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Jagmeet Singh calls Quebec’s COVID-19 tax a threat to public health care – Toronto Star

Federal New Democratic Party Leader Jagmeet Singh listens to a question during a news conference on Dec. 7, 2021 in Ottawa.

NDP Leader Jagmeet Singh has condemned Quebec’s plan to slap a charge or tax on unvaccinated persons, calling it a threat to basic principle of universal access to health care in Canada.

By Tonda MacCharlesOttawa Bureau

Tue., Jan. 18, 20223 min. read

Article was updated 9 hrs ago

OTTAWA—NDP Leader Jagmeet Singh has condemned Quebec’s plan to slap a charge or tax on unvaccinated persons, calling it a threat to the basic principle of universal access to health care in Canada.

In his first news conference of the new year, Singh told reporters he opposes what’s been called an “unvaxxed tax” proposed by the Quebec provincial government because he views it as starting down a “slippery slope” towards eroding a health system that provides medically necessary health care to all Canadians regardless of ability to pay.

Singh added his voice to that of the other federal leaders who have flagged concerns about François Legault’s government’s proposal to levy a “significant” health “contribution” charge on the unvaccinated given the heavy burden they are putting on a health system buckling under the weight of COVID-19.

Prime Minister Justin Trudeau said he wants further details, but expressed that any charge must not violate the Canada Health Act guarantees of universal access.

Federal Conservative Leader Erin O’Toole, who staunchly backs provincial jurisdiction in health care, likewise opposed any plan to “tax and target” the unvaccinated. He suggested it wouldn’t work to drive up vaccination rates.

Days after the NDP’s health critic Don Davies said the party’s position would be discussed and decided at caucus, Singh outlined his opposition.

He said Canadians already pay taxes to ensure they have access to health services, and said he is “deeply concerned” about any proposal to charge a dedicated fee to unvaccinated persons, saying it would start “down the path” and “undermine the universality” of the Canadian health-care system.

In the face of cancelled surgeries for patients with cancer or other serious health conditions, Singh said he understands Canadians are “frustrated” by those who resist the COVID-19 vaccines, given the unvaccinated represent far and away the majority of people hospitalized and treated in critical care for severe COVID illness.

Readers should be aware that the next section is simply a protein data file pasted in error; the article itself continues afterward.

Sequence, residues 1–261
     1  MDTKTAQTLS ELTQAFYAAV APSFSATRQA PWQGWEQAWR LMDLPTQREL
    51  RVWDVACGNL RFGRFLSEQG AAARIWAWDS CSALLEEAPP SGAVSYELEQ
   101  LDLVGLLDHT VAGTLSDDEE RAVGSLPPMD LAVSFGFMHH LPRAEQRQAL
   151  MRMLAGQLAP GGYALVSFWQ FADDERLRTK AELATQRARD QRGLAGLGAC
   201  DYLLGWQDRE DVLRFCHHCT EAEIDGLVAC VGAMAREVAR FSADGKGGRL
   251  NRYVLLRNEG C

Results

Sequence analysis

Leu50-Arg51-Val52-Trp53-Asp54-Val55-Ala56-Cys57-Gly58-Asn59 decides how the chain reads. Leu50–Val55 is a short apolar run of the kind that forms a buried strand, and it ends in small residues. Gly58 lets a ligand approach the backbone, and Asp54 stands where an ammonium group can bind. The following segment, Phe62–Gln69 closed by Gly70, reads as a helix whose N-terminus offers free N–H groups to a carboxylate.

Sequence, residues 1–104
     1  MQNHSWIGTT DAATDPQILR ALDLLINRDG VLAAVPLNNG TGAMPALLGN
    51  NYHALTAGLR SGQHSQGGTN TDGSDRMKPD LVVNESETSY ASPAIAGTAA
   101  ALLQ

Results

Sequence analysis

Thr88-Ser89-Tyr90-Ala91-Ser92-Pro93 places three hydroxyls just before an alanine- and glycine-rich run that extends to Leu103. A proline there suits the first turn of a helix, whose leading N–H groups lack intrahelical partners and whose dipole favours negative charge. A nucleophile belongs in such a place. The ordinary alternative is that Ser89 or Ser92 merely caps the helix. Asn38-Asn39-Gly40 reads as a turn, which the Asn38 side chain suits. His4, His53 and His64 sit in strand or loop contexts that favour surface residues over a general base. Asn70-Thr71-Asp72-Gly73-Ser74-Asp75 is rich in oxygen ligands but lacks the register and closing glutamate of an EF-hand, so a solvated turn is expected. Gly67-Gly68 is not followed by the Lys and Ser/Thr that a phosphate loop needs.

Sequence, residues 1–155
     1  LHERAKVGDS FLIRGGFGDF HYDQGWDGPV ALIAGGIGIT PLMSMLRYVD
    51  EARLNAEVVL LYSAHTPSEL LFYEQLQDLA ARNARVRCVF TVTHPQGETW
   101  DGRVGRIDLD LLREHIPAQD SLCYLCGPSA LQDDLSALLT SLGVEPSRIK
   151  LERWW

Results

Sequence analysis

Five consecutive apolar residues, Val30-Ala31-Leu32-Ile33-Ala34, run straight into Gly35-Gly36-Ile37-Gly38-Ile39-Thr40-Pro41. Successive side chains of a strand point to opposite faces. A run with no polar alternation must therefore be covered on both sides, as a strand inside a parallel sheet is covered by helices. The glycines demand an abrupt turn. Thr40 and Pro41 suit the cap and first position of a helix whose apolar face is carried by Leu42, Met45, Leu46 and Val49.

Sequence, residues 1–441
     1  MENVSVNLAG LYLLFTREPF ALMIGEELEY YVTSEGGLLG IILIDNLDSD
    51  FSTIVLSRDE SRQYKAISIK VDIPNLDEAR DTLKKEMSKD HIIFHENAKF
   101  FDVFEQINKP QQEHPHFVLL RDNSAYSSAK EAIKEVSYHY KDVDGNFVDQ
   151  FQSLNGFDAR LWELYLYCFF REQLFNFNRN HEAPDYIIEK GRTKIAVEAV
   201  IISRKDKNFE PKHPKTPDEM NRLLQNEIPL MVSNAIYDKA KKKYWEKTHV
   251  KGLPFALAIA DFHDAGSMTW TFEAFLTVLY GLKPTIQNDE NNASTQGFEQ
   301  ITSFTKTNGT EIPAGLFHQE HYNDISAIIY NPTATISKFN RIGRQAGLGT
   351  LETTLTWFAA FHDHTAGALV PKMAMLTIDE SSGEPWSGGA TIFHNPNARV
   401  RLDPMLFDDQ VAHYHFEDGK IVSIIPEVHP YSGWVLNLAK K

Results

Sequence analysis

Instead, he said the NDP supports unspecified measures to encourage unvaccinated persons to get the shot, although he could not identify any new kinds of incentives to achieve that goal, other than pointing to the vaccine mandates the NDP has already supported.

But Singh laid much of the blame for the burden on the health system at the feet of the federal government, saying it needs to provide the kind of sustainable long-term funding provinces demand “now” and not after the pandemic. The provinces want a federal infusion of $78 billion to the annual federal health transfer, with no strings attached.

And the NDP leader said the pressure on “desperate” and “burned-out” front-line health care workers could be eased if Ottawa accelerated immigration status approvals for what he said are “hundreds” of internationally trained nurses and nurse practitioners who are “qualified” already to work in Canada but face bureaucratic delays.

According to the University of Saskatchewan’s COVID-19 vaccination tracker that the federal government also relies on, nearly 82 per cent of eligible Canadians, or those at least five years old, are fully vaccinated.

It also shows 10,402 COVID-19 patients are hospitalized across Canada today, with 1,152 in critical care.

The Public Health Agency of Canada says its most recent data shows the unvaccinated made up nearly 80 per cent of hospitalized cases, and 75 per cent of COVID-related deaths as of Dec. 25.

Singh said the ongoing pandemic management and health care will be among the NDP’s top priorities for the new parliamentary session, and repeated the party’s call to eliminate private for-profit care in the long-term-care sector.


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